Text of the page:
Manner in which this comedy falters and stumbles along is probably due both to formula direction and scripting. Three are credited with the scenario and two [Jack Jevne and Charles Rogers] for the original story. Seemingly too many took a hand; plot reads that way.
In general pattern the Laurel & Hardy entry follows closely the old methods used on their feature shorts. There’s too much driving home of gags.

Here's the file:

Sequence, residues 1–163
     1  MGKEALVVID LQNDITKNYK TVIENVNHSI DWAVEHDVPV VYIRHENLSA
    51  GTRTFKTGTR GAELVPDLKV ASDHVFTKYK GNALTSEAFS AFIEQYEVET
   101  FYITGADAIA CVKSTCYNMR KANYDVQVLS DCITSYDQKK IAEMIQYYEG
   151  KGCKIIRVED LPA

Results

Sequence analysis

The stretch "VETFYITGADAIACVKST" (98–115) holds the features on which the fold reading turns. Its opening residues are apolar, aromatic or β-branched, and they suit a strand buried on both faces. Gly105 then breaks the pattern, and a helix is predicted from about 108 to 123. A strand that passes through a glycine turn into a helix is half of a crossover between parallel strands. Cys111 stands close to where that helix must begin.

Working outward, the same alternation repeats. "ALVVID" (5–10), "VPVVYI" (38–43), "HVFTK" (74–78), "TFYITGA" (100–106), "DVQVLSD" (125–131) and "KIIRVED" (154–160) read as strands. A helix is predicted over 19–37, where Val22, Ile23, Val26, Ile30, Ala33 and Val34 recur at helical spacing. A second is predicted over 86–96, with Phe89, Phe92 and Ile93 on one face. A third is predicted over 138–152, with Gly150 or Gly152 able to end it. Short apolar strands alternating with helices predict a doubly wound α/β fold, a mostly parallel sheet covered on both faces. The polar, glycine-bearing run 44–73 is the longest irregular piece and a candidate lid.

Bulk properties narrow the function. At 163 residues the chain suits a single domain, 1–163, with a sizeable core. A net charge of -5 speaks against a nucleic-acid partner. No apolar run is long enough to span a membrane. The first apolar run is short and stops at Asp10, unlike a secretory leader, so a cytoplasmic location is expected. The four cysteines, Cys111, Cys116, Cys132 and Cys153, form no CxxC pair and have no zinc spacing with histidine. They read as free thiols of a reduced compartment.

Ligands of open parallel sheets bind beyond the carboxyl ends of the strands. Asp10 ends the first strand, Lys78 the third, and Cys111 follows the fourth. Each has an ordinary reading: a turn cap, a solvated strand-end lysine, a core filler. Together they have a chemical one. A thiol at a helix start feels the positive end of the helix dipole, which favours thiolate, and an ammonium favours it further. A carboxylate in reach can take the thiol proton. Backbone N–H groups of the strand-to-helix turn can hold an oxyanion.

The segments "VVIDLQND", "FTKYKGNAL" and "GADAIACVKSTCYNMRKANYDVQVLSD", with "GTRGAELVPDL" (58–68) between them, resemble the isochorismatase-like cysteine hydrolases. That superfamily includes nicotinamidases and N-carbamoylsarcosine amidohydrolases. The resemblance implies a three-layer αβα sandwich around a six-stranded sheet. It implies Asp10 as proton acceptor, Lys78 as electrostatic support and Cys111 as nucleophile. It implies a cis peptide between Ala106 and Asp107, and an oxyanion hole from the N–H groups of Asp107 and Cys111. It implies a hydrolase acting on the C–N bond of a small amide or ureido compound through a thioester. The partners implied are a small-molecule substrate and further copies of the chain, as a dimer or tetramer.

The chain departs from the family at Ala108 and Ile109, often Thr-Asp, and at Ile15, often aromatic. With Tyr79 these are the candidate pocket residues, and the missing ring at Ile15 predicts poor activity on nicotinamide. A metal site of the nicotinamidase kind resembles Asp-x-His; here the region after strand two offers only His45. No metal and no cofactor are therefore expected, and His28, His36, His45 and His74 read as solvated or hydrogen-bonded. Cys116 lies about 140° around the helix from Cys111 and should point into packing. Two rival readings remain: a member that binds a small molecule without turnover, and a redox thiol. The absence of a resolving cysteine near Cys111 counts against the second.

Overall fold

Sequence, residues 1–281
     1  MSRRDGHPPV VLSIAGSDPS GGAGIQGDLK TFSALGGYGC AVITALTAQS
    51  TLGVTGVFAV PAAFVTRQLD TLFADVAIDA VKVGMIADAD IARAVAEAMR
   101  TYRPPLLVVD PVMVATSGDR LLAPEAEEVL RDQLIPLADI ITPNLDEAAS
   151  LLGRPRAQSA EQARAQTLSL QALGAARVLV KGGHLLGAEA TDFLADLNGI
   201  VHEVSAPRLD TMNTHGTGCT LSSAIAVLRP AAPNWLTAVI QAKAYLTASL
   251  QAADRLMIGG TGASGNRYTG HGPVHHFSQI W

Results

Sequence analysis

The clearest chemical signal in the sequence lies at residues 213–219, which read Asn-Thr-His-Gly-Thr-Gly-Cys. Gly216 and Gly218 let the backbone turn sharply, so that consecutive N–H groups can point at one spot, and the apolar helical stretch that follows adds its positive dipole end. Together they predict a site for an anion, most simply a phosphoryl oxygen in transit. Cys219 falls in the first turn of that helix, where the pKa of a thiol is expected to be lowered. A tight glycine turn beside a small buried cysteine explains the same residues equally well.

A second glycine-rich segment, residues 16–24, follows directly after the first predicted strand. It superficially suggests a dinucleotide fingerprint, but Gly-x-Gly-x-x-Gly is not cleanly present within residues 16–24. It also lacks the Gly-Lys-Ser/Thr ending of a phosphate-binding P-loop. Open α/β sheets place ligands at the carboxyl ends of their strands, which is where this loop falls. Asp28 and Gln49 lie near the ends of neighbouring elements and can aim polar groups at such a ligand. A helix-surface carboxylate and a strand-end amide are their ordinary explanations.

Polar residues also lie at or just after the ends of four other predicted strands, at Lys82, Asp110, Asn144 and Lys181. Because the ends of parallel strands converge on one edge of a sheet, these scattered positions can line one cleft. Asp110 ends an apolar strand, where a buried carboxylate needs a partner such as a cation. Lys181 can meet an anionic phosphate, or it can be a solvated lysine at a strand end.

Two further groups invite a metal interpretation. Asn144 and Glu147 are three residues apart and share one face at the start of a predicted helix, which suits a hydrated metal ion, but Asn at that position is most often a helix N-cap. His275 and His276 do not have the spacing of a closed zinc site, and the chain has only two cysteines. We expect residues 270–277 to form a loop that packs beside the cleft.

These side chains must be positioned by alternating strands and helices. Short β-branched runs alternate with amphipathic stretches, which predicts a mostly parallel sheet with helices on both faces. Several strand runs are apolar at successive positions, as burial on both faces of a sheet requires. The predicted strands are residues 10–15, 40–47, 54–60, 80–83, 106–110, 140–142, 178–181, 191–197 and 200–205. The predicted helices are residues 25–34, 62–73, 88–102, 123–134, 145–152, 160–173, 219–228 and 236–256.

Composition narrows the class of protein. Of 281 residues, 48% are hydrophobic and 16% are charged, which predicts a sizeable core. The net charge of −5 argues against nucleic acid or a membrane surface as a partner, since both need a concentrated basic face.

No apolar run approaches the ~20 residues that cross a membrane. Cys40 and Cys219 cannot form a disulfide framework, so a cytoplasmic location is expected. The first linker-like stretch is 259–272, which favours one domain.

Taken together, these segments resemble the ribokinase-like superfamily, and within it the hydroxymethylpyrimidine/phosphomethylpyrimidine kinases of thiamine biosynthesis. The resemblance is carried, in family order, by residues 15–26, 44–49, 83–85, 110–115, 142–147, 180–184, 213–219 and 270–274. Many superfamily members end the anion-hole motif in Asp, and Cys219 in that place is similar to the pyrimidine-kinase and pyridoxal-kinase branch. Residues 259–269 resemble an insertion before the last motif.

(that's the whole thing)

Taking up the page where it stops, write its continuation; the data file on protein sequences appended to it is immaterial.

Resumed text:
They sing and dance in this one, both to neat returns. The two boys are commissioned to deliver a deed to a gold mine. They find out, after handing it over, that the valuable paper has been given to the wrong girl. Hence, the mad race to readjust matters. On this thin framework hang all of the quips. And Oliver Hardy falls into a pool of water for the third time as the eventual fadeout arrives.
James Finlayson again is cast as villain-straight man, which further slows up the action. Rosina Lawrence, heroine who’s supposed to inherit the gold mine, appears only for fleeting glimpses.
1937: Nomination: Best Score